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This company will be continue for ten years further on.

This company will be continue for ten years more.

This company will be continue for ten years further.

Would you please explain what is the difference between those? especially the bold part.

  • You seem very confused by this word further. – J.R. Dec 25 '14 at 9:32
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I'm afraid that none of those sentences are grammatically correct; 'be continue' does not make sense and should be replaced with just 'continue'.

This company will continue for ten years more.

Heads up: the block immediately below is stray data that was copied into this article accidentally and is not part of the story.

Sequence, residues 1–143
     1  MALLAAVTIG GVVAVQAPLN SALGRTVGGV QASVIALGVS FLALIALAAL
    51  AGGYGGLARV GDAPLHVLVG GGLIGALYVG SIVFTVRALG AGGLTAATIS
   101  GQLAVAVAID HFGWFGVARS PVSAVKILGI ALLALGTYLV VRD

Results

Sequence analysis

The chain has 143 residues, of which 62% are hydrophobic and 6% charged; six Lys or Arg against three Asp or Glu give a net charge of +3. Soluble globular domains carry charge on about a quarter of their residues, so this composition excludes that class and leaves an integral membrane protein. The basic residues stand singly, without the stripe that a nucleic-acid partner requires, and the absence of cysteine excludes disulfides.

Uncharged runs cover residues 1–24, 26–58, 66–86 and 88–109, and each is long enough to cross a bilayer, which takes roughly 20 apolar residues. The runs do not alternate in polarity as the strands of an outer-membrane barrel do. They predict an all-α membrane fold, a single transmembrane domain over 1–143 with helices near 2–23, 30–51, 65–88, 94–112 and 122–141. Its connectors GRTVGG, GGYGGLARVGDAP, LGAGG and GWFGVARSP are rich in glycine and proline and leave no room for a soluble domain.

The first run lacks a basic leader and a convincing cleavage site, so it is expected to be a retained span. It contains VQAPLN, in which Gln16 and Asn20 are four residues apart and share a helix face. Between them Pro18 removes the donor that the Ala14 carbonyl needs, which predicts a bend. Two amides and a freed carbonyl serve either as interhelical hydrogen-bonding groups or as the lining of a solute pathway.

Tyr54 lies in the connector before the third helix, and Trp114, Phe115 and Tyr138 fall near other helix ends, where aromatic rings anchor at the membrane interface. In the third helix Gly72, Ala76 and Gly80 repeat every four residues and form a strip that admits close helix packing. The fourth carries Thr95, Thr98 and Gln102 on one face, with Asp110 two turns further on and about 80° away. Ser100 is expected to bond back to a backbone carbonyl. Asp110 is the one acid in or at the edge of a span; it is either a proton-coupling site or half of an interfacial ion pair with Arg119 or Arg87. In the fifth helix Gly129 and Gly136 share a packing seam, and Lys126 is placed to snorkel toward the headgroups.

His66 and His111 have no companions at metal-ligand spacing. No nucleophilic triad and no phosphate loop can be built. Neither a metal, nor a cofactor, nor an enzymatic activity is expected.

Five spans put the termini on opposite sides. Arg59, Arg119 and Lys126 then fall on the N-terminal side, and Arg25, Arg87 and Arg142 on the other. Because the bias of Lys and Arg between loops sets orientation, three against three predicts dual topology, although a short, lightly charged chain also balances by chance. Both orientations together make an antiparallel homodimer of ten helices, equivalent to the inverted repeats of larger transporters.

'Further' and 'further on' imply physical movement, rather than duration. 'More' can work with both duration and physical movement. However, it's common practice to place 'more' before the units and after the number:

This company will continue for ten more years.

But 'further' or 'further on' always go after both the number and unit:

The marathon runner could see the finish line, just ten yards further.

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